The National : JUNE-SEPT 2017
68 THE AUSTRALIAN NATIONAL DRYCLEANER & LAUNDERER JUNE JULY AUGUST SEPTEMBER 2017 The evening programme featured “A Walk Down Memory Lane” when we endeavour to trace the his- tory of VILA from its inception in 1967 up to the present day and in the process enjoy ourselves. Members were invited to send in any photos they may have had relating to previous association activities - identified where possible as to who, where and when. This was taken up with considerable gusto, and a long table in the cocktail area attracted a great deal of attention. The collection of photographs, Awards, golfing trophies, copies of the NATIONAL, and other memorabilia was cause for much amusement, and the occasional solemn moment as the smiling faces of those now passed on were glimpsed in flashbacks. Graeme Nimmo outdid himself in bringing along a usb with many photographs on it, and these were played behind our glorious leader, Jack Runnalls, as he traced the history of VILA,and indeed, all of the laundry manager associations over the years. JACK REMINISCES Opening over the strains of Barbara Streisand’s “The Way We Were”, and a photographic montage, Jack pondered “Can it be that it was so simple then? “And if we had the chance to do it all again – would we? “Could we?” “Memories ... “In Canberra in 1998, at Launtex, I made the following observations and I believe they are worth repeating on this occasion. “In the 60s and 70s men stepped forward and took up the challenges of the day. We look back today and label them “pioneers”. Did they, at the time, have a sense they were creating history? No way! They were simply facing up to the problems of the day, and acting as they saw fit to deal with these problems. “However, they all had one thing in common. Enthusiasm for the cause! A desire to see a better, more efficient hospital laundry system operating throughout state of Victoria. “They gave of their time and they gave of their talents to lift our Association and with it our industry, to a point where we were in world class. As those of us who were lucky enough to travel overseas would attest.” Jack said there is the problem of a lack of records, minute books missing, and he had to rely on the “NATIONAL” magazine, personal records and old photographs, in putting his piece together. “Thank you to those people who made the information they had available for tonight.” The industry as it was in the 50s and 60s “The industry that many of us came into at the time was by todays stan- dards primitive, labour intensive, with old machinery that has thank- fully been much improved upon. Indeed, equipment was generally obsolete and only kept going by the combined efforts of the hospital’s engineering department. Chemicals were pure soap powder, liquid chlorine bleach (sodium chlorite purchased in concentrated form and diluted to 11%). There were no synthetic detergents. No sours. No softeners. Salt was added in the washing of blood stained items. Some of you will remember the “blue bags”added to the final rinse to bring out the whiteness of the linen. Textiles were predominately 100% cotton, or 100% wool. The laundry was not a particularly pleasant place to work. Hot and noisy. The status of the laundry in the hospital hierarchy was “bottom of the heap”. If employees were found to be unacceptable elsewhere in the system “send them to the laundry”. “In those days Laundry Managers were referred to as Laundry Supervisors. They most likely graduated to that position via the washroom floor, rising up by their bootstraps. No management training: no training, full stop! “Laundries generally were “in- house” supplying the parent hospital only. However, things were beginning to change. “The Royal Melbourne Central Linen Service, conceived in the 40s, commenced operations in September 1953. Loddon Linen Service commenced operations (on a smaller scale) in 1961. And there I suspect this is not, in fact, the first meeting of the Victorian Laundry Managers Association.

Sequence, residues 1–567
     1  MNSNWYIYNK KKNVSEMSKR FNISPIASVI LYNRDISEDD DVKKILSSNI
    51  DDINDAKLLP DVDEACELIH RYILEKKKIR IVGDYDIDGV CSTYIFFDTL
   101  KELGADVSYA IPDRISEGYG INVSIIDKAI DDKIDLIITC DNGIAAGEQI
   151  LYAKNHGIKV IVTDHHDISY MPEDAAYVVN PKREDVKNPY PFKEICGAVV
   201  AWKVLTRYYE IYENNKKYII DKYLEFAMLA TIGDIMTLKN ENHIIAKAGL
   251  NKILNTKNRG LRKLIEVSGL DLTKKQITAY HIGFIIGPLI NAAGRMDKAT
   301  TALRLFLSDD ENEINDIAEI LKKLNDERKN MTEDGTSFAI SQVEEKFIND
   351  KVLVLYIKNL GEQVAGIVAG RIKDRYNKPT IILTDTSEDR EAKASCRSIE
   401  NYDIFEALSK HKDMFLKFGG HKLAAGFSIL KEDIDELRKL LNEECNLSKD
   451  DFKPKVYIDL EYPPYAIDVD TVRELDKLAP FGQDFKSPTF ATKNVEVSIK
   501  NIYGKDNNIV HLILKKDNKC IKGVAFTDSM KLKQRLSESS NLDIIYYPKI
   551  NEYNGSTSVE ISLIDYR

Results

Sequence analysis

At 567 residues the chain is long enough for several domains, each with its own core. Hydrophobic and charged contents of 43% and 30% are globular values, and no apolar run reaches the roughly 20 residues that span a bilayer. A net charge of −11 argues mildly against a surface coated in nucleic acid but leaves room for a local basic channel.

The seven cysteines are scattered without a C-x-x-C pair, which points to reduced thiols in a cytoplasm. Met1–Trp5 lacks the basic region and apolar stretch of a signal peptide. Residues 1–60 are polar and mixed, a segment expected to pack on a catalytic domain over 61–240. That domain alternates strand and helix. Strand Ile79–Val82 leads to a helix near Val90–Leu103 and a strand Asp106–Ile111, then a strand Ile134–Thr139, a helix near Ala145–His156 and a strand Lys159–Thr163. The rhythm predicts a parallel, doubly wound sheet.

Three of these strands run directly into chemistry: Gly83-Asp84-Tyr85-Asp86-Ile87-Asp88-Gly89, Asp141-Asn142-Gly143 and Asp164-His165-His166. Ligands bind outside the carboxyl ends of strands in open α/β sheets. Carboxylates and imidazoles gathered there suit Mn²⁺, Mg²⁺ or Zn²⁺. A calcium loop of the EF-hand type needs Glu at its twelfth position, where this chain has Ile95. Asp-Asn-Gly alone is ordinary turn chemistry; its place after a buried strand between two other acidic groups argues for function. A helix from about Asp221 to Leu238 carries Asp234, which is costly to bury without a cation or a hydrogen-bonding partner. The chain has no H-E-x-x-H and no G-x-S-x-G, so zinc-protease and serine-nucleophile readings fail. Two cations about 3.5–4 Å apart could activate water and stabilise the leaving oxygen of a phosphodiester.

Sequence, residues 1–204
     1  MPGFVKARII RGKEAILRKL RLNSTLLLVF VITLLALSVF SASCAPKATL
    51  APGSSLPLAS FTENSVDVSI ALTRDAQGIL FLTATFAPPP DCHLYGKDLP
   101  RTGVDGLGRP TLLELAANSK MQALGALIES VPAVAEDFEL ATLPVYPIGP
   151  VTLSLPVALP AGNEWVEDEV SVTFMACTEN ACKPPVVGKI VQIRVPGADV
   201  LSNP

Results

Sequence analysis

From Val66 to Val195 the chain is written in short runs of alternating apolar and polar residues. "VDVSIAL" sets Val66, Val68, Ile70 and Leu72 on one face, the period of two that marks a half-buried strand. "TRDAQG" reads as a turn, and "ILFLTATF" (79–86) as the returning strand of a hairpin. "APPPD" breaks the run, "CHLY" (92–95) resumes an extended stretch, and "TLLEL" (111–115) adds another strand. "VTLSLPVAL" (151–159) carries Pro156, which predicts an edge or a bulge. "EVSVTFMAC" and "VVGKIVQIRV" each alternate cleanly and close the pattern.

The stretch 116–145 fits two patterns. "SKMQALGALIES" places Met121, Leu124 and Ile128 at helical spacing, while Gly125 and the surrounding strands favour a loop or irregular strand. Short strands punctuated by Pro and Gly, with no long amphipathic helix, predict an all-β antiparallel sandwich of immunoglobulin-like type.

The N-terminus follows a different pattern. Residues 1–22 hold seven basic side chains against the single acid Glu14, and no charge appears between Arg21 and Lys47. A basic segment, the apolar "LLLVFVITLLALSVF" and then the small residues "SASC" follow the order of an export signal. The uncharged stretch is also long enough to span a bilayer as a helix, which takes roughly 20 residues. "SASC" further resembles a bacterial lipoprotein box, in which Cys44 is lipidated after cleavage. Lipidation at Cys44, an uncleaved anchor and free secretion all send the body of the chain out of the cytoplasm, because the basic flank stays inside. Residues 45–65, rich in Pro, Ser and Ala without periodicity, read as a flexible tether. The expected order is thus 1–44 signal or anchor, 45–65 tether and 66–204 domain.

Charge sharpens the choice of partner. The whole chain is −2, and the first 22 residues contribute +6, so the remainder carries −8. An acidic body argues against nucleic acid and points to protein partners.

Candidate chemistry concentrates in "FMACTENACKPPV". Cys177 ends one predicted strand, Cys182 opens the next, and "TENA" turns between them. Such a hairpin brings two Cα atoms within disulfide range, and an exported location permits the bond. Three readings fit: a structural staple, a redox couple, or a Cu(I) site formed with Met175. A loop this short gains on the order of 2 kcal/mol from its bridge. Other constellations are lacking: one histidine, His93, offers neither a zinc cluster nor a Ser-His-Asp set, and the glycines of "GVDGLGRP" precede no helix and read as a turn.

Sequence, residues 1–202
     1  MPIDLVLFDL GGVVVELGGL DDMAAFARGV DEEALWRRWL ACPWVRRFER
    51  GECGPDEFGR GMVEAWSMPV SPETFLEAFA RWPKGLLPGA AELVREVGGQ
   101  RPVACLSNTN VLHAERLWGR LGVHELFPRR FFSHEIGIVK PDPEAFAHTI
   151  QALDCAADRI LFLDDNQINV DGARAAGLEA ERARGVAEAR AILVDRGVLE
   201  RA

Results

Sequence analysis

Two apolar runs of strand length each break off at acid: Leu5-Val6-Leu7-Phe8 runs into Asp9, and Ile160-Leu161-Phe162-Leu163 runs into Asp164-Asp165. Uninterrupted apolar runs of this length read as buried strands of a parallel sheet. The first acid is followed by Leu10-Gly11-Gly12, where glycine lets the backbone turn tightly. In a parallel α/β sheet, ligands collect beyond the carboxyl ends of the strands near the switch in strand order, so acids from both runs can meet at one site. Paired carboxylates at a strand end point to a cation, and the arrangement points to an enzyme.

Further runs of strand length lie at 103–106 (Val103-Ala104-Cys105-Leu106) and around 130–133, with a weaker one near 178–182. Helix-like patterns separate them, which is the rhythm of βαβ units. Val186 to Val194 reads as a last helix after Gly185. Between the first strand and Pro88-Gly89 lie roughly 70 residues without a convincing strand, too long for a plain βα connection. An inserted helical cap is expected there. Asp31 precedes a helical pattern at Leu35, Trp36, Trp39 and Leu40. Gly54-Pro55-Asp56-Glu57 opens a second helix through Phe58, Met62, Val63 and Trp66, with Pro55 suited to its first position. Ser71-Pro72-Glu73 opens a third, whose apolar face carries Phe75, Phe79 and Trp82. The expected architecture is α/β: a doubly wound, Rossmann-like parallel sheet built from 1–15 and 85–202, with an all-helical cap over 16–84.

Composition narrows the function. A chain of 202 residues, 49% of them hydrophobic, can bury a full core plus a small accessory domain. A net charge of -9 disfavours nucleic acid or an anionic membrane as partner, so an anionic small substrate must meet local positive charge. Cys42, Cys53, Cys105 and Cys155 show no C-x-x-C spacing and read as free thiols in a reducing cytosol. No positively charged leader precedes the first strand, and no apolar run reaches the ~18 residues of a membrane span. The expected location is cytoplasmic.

DRY CLEANER MAY 2017